John constantly speaks of “destiny,” and “fate,” and “spirit walks.” He forms an immediate mystical bond with the island and believes it can both teach him things, and show him things about himself and other people. The strange events of the island do not faze him; he takes them all in stride. He tends to fixate and visualize on something, and then not quit pursuing it until he gets what he wants (even on the mainland, he stubbornly clung to his idealistic belief of going on the nature walk / hike despite being in a wheelchair). He has trained himself to be aware of his environment and able to use it, through extensive research into hunting, tracking, and survival skills. Locke completely immerses himself in the experience of the island – when others run for cover, he enjoys the rain. He gets a kick out of dangerous situations and even sometimes puts himself in them for fun. Being out of a wheelchair has made him highly active and eager to pursue purely physical things. He is interested not merely in his own self-growth, but that of others, and tries to guide them to self-awareness as much as he can (teaching Walt how to hunt or throw knives, taking Boone under his wing to educate him about the island). Locke shows an ability to understand other people’s needs and desires; his own emotions only rarely surface (anger over not being allowed to do things on the mainland) but he is attentive to other people’s feelings and needs and can even be manipulative with them in accomplishing what he wants. If the facts seem insurmountable, Locke thinks around them. He trusts that at some point, the solution will present itself. Rather than try to force open the hatch, he would rather meditate on it until a solution comes to him. He often takes direct action rather than announce his intentions or formulate plans. He tends to keep his schemes inside his own head, and at first has no real interest in leadership or controlling others, so much in figuring out what the island, its occupants, and its mysticism all mean to him, personally.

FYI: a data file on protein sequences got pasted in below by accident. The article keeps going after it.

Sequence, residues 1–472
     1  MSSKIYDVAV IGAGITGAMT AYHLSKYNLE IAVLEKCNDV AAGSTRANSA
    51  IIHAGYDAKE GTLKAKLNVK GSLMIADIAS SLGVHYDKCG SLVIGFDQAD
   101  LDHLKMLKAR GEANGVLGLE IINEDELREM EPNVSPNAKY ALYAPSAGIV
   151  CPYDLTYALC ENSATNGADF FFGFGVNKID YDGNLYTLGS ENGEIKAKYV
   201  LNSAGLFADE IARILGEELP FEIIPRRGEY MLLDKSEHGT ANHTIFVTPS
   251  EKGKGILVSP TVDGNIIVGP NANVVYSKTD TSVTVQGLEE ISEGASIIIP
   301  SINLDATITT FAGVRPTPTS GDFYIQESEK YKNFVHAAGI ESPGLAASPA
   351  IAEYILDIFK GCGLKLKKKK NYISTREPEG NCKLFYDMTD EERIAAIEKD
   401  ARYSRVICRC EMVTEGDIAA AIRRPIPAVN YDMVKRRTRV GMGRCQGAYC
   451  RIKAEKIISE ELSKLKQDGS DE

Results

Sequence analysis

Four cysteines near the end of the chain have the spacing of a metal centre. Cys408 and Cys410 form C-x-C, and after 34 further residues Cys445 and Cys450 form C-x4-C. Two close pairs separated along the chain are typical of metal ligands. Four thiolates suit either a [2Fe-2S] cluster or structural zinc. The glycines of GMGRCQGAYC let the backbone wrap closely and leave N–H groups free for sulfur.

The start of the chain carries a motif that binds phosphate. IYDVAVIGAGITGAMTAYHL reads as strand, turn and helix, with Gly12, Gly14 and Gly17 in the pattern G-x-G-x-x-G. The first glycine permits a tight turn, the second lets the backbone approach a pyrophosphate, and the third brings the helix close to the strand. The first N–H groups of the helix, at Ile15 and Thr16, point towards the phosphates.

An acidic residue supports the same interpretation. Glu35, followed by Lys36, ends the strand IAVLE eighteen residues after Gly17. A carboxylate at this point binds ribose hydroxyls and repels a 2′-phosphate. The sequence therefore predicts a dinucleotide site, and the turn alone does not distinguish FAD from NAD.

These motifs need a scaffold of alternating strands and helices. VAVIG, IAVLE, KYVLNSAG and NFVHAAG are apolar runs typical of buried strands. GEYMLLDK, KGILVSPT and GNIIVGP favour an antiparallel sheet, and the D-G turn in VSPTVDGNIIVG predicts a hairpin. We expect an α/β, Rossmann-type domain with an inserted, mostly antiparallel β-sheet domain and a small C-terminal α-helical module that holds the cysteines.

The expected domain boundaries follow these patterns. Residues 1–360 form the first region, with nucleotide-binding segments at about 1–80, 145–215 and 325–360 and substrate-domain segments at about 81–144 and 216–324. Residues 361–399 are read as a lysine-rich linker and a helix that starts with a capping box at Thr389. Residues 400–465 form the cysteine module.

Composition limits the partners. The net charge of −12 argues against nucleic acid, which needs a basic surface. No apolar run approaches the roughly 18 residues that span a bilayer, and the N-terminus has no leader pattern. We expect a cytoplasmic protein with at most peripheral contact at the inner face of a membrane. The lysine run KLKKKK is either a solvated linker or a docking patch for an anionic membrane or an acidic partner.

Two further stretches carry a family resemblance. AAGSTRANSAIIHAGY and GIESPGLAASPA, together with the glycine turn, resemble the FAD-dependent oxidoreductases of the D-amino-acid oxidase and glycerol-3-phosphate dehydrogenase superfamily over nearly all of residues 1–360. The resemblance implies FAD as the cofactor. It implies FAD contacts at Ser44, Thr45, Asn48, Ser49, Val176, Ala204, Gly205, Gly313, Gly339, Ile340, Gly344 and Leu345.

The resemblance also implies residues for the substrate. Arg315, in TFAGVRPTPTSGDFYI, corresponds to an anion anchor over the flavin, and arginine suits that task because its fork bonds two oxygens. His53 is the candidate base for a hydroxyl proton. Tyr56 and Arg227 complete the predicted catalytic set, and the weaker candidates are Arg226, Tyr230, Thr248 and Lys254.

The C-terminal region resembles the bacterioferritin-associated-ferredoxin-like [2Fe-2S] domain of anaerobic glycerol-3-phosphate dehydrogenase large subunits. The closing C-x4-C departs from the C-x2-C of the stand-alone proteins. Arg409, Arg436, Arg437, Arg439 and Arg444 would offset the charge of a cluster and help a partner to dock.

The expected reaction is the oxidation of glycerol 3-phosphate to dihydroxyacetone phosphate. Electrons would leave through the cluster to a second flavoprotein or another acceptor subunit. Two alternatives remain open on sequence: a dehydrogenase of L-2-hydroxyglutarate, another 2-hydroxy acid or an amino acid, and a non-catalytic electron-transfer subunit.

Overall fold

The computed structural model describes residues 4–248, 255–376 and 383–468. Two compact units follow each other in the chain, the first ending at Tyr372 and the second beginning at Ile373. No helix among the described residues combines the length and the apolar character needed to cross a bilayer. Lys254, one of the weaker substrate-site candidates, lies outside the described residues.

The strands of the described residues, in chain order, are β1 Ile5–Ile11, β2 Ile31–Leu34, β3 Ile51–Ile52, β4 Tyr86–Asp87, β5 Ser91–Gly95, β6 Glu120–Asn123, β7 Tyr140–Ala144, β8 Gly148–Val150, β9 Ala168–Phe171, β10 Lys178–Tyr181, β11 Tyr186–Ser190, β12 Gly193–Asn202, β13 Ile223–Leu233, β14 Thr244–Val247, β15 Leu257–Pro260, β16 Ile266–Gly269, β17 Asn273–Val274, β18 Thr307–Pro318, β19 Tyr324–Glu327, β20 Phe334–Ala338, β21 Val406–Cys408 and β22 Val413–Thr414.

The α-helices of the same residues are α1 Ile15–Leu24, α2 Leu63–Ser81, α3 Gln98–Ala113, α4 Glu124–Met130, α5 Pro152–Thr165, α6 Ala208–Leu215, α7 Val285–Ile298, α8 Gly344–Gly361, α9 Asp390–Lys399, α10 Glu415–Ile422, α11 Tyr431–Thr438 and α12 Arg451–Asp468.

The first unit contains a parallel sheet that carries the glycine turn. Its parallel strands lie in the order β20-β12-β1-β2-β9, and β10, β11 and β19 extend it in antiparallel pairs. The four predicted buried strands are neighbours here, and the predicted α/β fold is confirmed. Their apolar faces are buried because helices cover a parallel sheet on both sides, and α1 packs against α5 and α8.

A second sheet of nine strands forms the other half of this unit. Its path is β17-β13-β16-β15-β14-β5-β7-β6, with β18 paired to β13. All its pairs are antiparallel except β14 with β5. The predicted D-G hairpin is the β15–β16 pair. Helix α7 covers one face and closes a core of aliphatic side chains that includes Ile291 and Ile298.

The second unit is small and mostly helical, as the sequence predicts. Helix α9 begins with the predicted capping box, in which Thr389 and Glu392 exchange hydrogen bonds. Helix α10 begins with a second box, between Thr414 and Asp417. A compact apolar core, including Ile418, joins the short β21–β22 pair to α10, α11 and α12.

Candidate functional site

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John arrived at the island ‘broken’ because of his father’s betrayal and the subsequent loss of his legs, and he finally feels like he has a ‘special’ connection to the island, which he exploits by using all the ‘expert’ skills he accumulated in preparation for his Australian Walkabout. In flashbacks, we see that he becomes angry at the other people in his support group, and insists they don’t know what suffering is, with the implication he does; his pain is worth more than theirs, his cuts are deeper, his losses more traumatic. His need to feel special drives him to cultivate anyone who admires him, such as Boothe, but his arrogance and total belief in his unique ability to understand the island can cause problems among the other survivors, such as when he urges Boothe to climb up into an airplane, only to get him killed. He becomes hysterical in his earlier life, whenever anyone tells him what he can or cannot do. He ruins his romantic relationship with his unwillingness to forgive his father—instead of doing what he agreed with his girlfriend he would (move on), he stalks his father’s house and sits endlessly at his gate to punish him for his actions. His 5 wing enjoys being an expert on things, and is somewhat detached from other people in many of his more ruthless or questionable decisions. He believes in whatever he decides is true, and can become quite petty when he is proven wrong (such as about the hatch).